ICAM-1-expressing neutrophils exhibit enhanced effector functions in murine models of endotoxemia.
898 - 907
MetadataShow full item record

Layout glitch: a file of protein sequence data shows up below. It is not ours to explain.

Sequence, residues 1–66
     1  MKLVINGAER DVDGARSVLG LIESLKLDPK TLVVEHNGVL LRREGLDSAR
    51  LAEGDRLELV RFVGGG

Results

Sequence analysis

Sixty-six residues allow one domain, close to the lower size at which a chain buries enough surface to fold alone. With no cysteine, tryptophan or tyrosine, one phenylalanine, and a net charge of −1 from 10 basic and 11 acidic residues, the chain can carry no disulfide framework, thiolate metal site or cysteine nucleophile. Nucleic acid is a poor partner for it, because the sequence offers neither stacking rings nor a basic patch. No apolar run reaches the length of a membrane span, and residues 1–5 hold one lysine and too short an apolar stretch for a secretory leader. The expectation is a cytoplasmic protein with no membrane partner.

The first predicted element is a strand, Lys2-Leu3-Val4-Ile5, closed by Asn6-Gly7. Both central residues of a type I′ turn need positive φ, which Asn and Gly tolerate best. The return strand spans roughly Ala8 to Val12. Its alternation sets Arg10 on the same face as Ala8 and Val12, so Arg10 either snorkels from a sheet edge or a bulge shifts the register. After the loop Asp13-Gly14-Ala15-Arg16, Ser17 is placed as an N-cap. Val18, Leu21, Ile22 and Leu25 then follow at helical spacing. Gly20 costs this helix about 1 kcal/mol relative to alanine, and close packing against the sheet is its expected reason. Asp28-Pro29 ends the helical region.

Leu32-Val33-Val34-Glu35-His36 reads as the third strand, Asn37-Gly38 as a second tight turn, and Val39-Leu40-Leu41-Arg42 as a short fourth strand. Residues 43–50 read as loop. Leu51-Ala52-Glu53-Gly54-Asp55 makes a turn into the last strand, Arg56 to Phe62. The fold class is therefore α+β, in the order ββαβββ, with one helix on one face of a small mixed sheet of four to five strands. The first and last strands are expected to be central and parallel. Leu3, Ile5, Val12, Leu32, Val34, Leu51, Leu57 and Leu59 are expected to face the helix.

Intracellular adhesion molecule-1 (ICAM-1) is a transmembrane glycoprotein expressed on the cell surface of numerous cell types such as endothelial and epithelial cells, vascular smooth muscle cells, and certain leukocyte subsets. With respect to the latter, ICAM-1 has been detected on neutrophils in several clinical and experimental settings, but little is known about the regulation of expression or function of neutrophil ICAM-1. In this study, we report on the de novo induction of ICAM-1 on the cell surface of murine neutrophils by lipopolysaccharide (LPS), tumor necrosis factor, and zymosan particles in vitro. The induction of neutrophil ICAM-1 was associated with enhanced phagocytosis of zymosan particles and reactive oxygen species (ROS) generation. Conversely, neutrophils from ICAM-1-deficient mice were defective in these effector functions. Mechanistically, ICAM-1-mediated intracellular signaling appeared to support neutrophil ROS generation and phagocytosis. In vivo, LPS-induced inflammation in the mouse cremaster muscle and peritoneal cavity led to ICAM-1 expression on intravascular and locally transmigrated neutrophils. The use of chimeric mice deficient in ICAM-1 on myeloid cells demonstrated that neutrophil ICAM-1 was not required for local neutrophil transmigration, but supported optimal intravascular and extravascular phagocytosis of zymosan particles. Collectively, the present results shed light on regulation of expression and function of ICAM-1 on neutrophils and identify it as an additional regulator of neutrophil effector responses in host defense.